# Switchgear (technical informatics)

A switching mechanism ( English sequential circuit ) processes various input values ( Boolean variables ) according to the specified switching matrix into an output value. In contrast to switching networks , in which by definition there is no feedback , at least one of the outputs in a switching mechanism is fed back to at least one of the inputs, so that the circuit has a storing character (a memory ).

A switching mechanism is called "synchronous" if the inputs and feedback are synchronized by clock signals , otherwise it is called "asynchronous".

## Basics

Asynchronous rear derailleur

### Asynchronous rear derailleur

There are many methods of linking input values ​​according to a specification to an output value . Linking through a switching network is a forgetful process, since at any given point in time the output value only ever depends on the input value applied at that point in time. However, in order to solve tasks that are not only dependent on a snapshot, one needs circuits with memory , i.e. a circuit that links input values ​​at a certain point in time with values ​​created before this point in time.

The asynchronous switching mechanism is the basic form of these circuits. It represents the circuitry implementation of a Boolean machine and, as shown in the picture, can be viewed as an interconnection of two switching networks that implement the Boolean functions f and g . The function f takes the input values x and the state values u that exist at a point in time t and links them to a new state vector u d . The vector u represents the time-delayed thereby, that in the memory stored previous result of the function f . The time delay ( English delay ) is separate from the switching power f represented by the gray box. At the same time, at time t, the values x and u are linked by function g to form the output vector y . The gray box is replaced by flip-flops in synchronous switchgear .

Asynchronous and synchronous rear derailleur

### Synchronous rear derailleur

In reality, every switching network only generates its result after a certain time, which depends on its structure. In order to link input values ​​present at a certain point in time with the correct, temporarily stored values, the input signals and the fed-back outputs are often synchronized with the aid of flip-flops and a clock signal. This signal pulsates at a fixed frequency . A unit of time has always passed after the same sequence occurs regularly in the signal. The intervals between these sequences are chosen so large that in the meantime all switching networks in the switchgear can complete their calculations, ie all the gate runtimes involved have elapsed, possibly one after the other (namely if intermediate results are relevant). Then, for example, result y is present at the output at time 3 , which was obtained by combining the values x and u that were applied to g at time 2 . From the same values x and u at time 2, the new value u d at f is also set at time 3, but retained by flip-flops . The value u at time 2 was obtained by clocking the flip-flops from the value u d at time 1, which in turn resulted from the values x and u that were applied to f at time 0 .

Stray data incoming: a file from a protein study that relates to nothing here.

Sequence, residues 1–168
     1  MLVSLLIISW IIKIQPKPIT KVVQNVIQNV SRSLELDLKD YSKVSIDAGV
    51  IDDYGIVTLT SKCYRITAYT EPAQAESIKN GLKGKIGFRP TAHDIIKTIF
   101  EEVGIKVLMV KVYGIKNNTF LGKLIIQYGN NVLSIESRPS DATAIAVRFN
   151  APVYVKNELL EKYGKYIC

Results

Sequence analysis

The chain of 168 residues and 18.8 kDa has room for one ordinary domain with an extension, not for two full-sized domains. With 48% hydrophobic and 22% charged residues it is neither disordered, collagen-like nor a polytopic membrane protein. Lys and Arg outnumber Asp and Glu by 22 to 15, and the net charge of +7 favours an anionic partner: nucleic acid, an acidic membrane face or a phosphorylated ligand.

## realization

Switching mechanisms are implemented by logic circuits that are built with individual transistors or manufactured on wafers . In the early days of computer technology , electron tubes were used instead of transistors . In digital technology , synchronous switching mechanisms are often implemented with sliding registers . Such a shift register is in itself a synchronous switching mechanism. In circuits with processors, switching mechanisms are often implemented as programs and the memory of the preceding inputs is designed as a ring structure .

## Applications

Almost every device for electronic data processing ( computer ) uses switching mechanisms in its chips . Switching mechanisms are also important in data transmission , for example every serial interface is based on a switching mechanism. In particular, the receiving end must collect all the individual bits one after the other so that a complete byte is available after eight cycles .

## literature

• Hans Liebig, Stefan Thome: Logical design of digital systems. 3rd edition, Springer, Heidelberg 1996, ISBN 3-540-61062-6 .
• Wolfram Schiffmann, Robert Schmitz: Technical computer science 1. Basics of digital electronics. 5th edition, Springer, Berlin 2003, ISBN 3-540-40418-X .
• Heinz-Dietrich Wuttke, Karsten Henke: Switching systems - a machine-oriented introduction. Pearson Studium, Munich 2003, ISBN 3-8273-7035-3 .
• Clemens Hackl: Switching mechanism and automaton theory , de Gruyter, Berlin, Vol. I: 1972, ISBN 3-11-003948-6 ; Vol. II: 1973, ISBN 3-11-004213-4 .